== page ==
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Becky Norman


Managing Editor

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Inclusion: Sharon Doherty on high speed transformation in Fintech


What led you to become Chief People Officer of Finastra?

When it became time to move on from my tenure at Vodafone last year, I wanted to join a company where I felt I could make my mark. Not many opportunities come up to lead the people function of a European headquartered software company and I loved the vision of both Finastra and its senior team – especially our CEO, Simon Paris, who exemplifies our open culture.

The notion of ‘open’ is delivered through the platform we are building to accelerate collaboration and innovation in financial services, creating better experiences for people, businesses and communities. We also have the ambition to be the most loved and diverse employer in fintech – these were shining lights for me. 

Our formula is: dream big, light fires and create a movement.

You’ll be speaking at UNLEASH about transformation at high speed. How is Finastra leading the way in this domain?

Business transformation has been a core focus for much of my career for the last 20 years. I’ve only been at Finastra, one of the world’s largest fintechs, for around a year, but we’ve already made some great steps in our transformation, including: 

  • Our vision: ‘to unlock the power of finance for everyone’. Our platform – – underpins this and we have a clear roadmap and metrics that are aligned to everyone’s incentives at the company. Given that we’ve added 40% of our team onto a new bonus scheme in a harmonisation exercise since we combined two companies (Misys and D+H) into one Finastra, there is a real focus on these goals. 

  • Our CEO: Simon Paris really drives a commitment culture, with low politics. He is prepared to make tough choices about where investments are made to fuel growth – but all with a focus on team health and building an inclusive workplace.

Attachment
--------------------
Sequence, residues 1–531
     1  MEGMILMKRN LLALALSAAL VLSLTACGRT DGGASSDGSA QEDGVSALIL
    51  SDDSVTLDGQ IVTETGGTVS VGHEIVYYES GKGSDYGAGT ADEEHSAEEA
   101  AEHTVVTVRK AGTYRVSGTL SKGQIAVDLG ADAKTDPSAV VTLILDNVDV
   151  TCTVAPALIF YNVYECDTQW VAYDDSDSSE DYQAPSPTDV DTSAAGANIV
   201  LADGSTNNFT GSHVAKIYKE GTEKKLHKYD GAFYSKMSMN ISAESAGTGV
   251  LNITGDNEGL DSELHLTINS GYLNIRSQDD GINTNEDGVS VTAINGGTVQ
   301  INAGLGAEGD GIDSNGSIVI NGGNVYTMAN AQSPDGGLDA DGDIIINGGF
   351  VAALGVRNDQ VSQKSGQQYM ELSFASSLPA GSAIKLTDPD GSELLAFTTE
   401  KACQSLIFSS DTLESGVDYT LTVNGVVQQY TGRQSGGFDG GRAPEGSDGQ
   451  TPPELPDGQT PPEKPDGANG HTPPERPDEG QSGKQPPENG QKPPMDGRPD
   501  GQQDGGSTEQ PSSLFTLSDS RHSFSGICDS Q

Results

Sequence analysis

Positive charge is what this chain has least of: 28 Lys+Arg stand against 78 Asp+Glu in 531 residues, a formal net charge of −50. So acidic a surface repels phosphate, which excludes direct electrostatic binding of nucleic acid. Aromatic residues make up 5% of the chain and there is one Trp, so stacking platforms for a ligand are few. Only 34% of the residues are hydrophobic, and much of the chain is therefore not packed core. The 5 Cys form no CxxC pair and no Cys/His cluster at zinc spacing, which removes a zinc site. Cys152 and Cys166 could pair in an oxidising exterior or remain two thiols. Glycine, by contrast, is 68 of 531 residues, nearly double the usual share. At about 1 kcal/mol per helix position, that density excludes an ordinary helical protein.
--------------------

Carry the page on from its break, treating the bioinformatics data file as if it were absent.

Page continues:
• Our journey: Whilst we have a clear mission, roadmap and journey, we also have a desire to act now. This is a tone set by the investors, and driven by the leadership team, to inspire a culture that creates a dynamic and exciting place to work. 

You’ve done a lot of work in the inclusion space. How important do you feel an inclusive culture is to successful transformation?

An inclusive culture is vital! Our ambition to be the most diverse and loved employer in fintech drives what we do. And we do it because, as well as being the right thing to do, we know that software is all about talent. 

As a company, we thrive on innovation. A diverse, inclusive workforce supercharges our approach and brings vitality into the workplace. 

This journey takes hard work. There’s no silver bullet. 

Progress on diversity and inclusion in the tech industry is glacially slow. Why do you think this is?

Women make up just 29% of the employee base in fintech (39% in Finastra). To date, the pace has been slow in the industry, but we hope this is starting to change. The challenge is, at heart, a societal one, which calls out for us to ensure that young girls have the role models they need and the ambition to go for it.